Take me out to the ballgameBy: Jim Linsdau, Sports Editor
Many of us are sports fans, whether we play the games or watch them; not only because of the enjoyment but also to keep them alive and well.
Although I cover local sports, I can’t help but cast a glance at the ongoing saga of the Sacramento Kings and where they’ll play basketball next season. Perhaps I shouldn’t refer to them as the “Sacramento” Kings since they could end up in Seattle next year.
Like most sports fans, I like watching and following the San Francisco Giants, 49ers, San Jose Sharks and Sacramento River Cats. However, when the dollar signs start flying around, I get a little turned off.
I recently wrote about potential legislation in Florida to open up “free agency” for high school students in that state. It would allow student-athletes to attend different schools within the same school year without serving a probation period before competing.
That legislation is being fought by the Florida High School Athletic Association but policies in favor of relaxing restrictions to prep transfers are gaining momentum across the country.
In California, the sit-out period was recently reduced to 30 days before an athlete could transfer to a different school and continue playing sports.
Now, is that all bad or would it be best to just go with the flow? After all, where do the future stars of MLB, NFL and NBA come from? – High school. Some spend a year or two in college before throwing off the yoke of academics for a lucrative career but isn’t a lucrative career what a higher education is for?
Certainly, not every college student is competing for a professional sports contract. Some are actually there for an education to become doctors, lawyers, businessmen – coaches, agents, owners, general managers, etc.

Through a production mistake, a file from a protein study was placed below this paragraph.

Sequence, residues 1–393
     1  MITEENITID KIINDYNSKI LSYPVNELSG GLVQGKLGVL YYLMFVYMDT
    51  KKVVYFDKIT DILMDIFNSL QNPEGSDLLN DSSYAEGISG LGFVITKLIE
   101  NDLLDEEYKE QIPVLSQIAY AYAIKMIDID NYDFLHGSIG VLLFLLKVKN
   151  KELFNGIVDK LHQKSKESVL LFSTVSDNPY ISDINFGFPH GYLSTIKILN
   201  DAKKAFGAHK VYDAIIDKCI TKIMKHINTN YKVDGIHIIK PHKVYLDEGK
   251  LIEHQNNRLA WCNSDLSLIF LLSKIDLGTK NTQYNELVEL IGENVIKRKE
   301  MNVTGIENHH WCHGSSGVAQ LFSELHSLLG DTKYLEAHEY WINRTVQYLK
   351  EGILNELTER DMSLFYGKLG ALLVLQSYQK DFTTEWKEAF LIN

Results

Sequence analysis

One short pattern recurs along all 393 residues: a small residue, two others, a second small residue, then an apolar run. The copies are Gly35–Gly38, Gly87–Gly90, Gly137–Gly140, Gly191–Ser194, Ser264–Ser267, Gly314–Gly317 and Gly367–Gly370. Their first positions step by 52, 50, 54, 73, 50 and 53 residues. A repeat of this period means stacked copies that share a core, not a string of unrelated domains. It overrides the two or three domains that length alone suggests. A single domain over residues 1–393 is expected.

What makes me cynical about all this is that most of the money is at the top. There are some states where that isn’t necessarily the case, take Texas high school football for instance. That state recognizes that high school football athletes eventually play for the University of Texas, Baylor, Texas A&M, the Houston Texans, Dallas Cowboys, etc.
ESPN now readily broadcasts high school football games. Four of the top 25 high school teams for 2012 were from Florida, two from Texas and four from California.
As much as I like amateur sports, which is what high school is, there’s no denying that money turns the wheels of progress. I liked the fact the Kings selected some schools in the area to put on their show during local basketball games as it filled the stands to capacity and increased school revenues. I would like to see more of that.
For that reason, I find it hard to rail against legislation like Florida is considering or the money that is poured into Texas’ “Friday Night Lights.” Yes, such policies can tarnish the original intent of amateur athletics but I feel the loss of those sports would be an even greater travesty.
I continue to be amazed at the level of play now present in high school athletics. It’s no longer something for mom and pop to watch their kids play – it’s first class.
So, head out to the old (high school) ballgame and show your support. It means more than you think.